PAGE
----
Consumers Continue to be Hit by High Food Prices

According to the latest UK Government statistics the rate of inflation has gone down – the first such decrease since August of 2022. But as everyone is experiencing, the price of your weekly food shop continues to increase. What is going on ?

The Office of National Statistics collects data for the whole of the UK and keeps a track on what is happening through the Consumer Price Inflation Basket.

The ONS chooses items which it considers represents average consumer shopping. These are average rises and may differ depending on where you live – but the trend in what is happening will be the same.

graph shows the huge rise in food and beverages over the last few months although this month April it has decreased very slightly
Consumer price inflation from the Office for National Statistics

Although there has been a very slight decrease in the month of April 2023 in the average price for food and beverages, you can see clearly from the above graph the longer term trend on what our basic shop is doing. The very slight decrease from March to April was due to bread and cereals; fish; milk, cheese and eggs; and sugar, jam and honey.

The main reason for the fall in inflation from August of last year is for housing, water, electricity, gas and other fuels 12.3% in April 2023, down from a peak of 26.7% in January 2023 and from a rise of 26.1% in March 2023. This fall is largely because of the upward contribution from the higher April 2022 Office of Gas and Electricity Markets (Ofgem) energy cap dropping out of the annual estimates.

What you will notice, however, is that your Council Tax has gone up and if you are a renter, that too has increased.

If you have a motor vehicle you will have noticed a change there in fuel prices which have been dropping since last year.

graph shows the rise in petrol and diesel prices with the drop for a peak in July 2022
CPIH, transport and motor fuels annual inflation rates, UK, April 2013 to April 2023

And whilst it is good to see some movement downward in prices, look at what has been happening to the cost of all goods and services over the last ten years. This graph gives a better indication of the extreme pressures people, especially those on lower incomes, have been facing in the UK.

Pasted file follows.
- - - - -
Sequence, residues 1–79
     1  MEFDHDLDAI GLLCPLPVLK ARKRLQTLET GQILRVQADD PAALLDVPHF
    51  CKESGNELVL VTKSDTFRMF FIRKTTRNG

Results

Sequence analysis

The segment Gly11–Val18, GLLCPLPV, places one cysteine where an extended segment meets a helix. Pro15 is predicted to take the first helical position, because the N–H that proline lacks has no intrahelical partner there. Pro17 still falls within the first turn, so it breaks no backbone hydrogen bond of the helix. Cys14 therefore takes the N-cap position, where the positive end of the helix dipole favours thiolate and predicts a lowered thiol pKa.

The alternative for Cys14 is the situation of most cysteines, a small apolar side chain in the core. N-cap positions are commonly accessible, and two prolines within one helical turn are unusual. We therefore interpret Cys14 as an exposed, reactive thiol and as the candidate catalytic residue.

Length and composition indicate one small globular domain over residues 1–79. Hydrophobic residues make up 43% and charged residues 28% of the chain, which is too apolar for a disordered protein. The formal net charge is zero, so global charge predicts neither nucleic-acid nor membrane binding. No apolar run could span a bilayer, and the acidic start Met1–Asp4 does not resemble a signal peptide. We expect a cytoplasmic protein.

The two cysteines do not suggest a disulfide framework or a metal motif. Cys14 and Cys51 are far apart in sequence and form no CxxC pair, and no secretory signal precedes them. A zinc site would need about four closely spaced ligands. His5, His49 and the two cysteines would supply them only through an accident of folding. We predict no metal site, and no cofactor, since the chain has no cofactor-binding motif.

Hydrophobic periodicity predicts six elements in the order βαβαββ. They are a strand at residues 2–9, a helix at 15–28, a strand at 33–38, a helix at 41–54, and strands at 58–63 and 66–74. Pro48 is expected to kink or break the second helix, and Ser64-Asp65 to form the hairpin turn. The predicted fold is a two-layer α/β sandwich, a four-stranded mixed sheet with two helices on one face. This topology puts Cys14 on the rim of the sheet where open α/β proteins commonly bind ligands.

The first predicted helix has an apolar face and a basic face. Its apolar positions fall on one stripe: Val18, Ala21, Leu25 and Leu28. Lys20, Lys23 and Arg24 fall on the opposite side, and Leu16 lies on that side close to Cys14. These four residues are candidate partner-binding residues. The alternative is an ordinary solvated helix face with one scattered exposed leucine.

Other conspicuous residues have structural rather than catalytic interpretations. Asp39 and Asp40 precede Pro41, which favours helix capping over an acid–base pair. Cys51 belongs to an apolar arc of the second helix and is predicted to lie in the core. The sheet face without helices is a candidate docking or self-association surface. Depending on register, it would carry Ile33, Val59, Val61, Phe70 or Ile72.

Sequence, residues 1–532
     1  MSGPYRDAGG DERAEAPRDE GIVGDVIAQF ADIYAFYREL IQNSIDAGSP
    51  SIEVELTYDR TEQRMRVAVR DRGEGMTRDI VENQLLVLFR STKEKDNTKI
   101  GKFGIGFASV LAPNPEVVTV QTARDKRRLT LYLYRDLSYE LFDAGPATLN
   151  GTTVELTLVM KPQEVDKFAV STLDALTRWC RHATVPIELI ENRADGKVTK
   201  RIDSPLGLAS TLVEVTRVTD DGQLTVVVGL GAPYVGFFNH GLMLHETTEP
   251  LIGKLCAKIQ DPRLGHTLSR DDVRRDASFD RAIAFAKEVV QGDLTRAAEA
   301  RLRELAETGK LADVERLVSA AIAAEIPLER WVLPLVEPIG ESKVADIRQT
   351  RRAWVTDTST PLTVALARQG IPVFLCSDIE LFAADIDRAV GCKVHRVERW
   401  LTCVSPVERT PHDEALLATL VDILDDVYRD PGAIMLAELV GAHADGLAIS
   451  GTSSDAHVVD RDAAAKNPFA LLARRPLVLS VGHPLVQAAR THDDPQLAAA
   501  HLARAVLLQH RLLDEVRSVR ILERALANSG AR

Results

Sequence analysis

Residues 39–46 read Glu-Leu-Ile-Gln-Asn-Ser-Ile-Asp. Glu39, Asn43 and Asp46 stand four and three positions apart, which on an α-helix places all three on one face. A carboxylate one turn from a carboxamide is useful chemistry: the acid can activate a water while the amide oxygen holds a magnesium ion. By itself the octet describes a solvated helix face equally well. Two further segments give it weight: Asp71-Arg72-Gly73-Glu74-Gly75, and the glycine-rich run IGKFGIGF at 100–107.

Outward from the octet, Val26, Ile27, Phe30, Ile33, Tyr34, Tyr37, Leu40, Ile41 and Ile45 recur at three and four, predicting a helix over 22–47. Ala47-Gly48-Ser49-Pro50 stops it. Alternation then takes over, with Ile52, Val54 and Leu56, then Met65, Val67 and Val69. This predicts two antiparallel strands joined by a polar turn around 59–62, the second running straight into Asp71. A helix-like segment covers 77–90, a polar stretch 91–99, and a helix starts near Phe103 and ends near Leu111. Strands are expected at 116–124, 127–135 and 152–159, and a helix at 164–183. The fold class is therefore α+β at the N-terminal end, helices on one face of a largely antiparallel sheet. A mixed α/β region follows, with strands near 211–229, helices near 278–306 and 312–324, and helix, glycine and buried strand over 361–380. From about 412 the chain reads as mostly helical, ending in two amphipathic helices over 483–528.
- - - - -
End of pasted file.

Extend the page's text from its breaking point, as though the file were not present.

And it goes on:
The huge rise in inflation which took place from April 2021 onwards having been stable, sort of, for many years
CPIH goods, services and core annual inflation rates for the last 10 years, UK, April 2013 to April 2023

Emma Roddick SNP MSP for the Highlands and Islands commented that, with food inflation at a near 45-year high and households still faced with massively increased living costs, there was no cause for celebration.

Speaking about the latest figures she said that households across Orkney continue to be let down by the UK Government’s ‘economic mismanagement’.

head and shoulders image of Emma Roddick giving a speech in the Scottish Parliament

“Although inflation has dropped, folk in the isles continue to be hammered by this Tory-made cost-of-living crisis.

“With food inflation still sitting at 19.1%, and households in Orkney still facing some of the highest living costs in the country, no one should be under the illusion that the UK Government has the situation under control.

“The Scottish Government continues to do all it can to mitigate the devastating impacts of this shambolic economic mismanagement, but there is only so much that can be done within the constraints of devolution.

“Here in Scotland, we want to look after people, and we should not have to wait a minute longer for the UK Government to step up and do the bare minimum. Enough is enough.”

The full repercussions of leaving the world’s largest Free Trade Market, the EU; the devastating impact of the Covid-19 pandemic which continues to affect the long term health of many workers; the invasion of Ukraine by Russia; and a revolving door of Prime Ministers in an unstable Tory UK Government – these are the main reasons for the huge increase in the cost of living in the UK.

Inflation is not just a problem for the UK, European nations and the US are also dealing with price rises – but the stability of the UK has been severely compromised by its decision to leave the EU in an advisory referendum in which two out of the four countries in the UK voted to remain. Post EU planning by the UK Government has been abysmal and left it poorly equipped to then deal with a pandemic – especially as successive UK Governments had been underfunding and under valuing the work of the NHS. Add into that equation the war in Ukraine and a UK Government wrought with resignations and accusations of profiteering personally out of the pandemic.

It is the ordinary citizens who are now paying the very high price for the startling ineptitude of a UK more intent on suppressing voters rights and freedoms to protest than dealing with the economic consequences of their decisions.

Fiona Grahame

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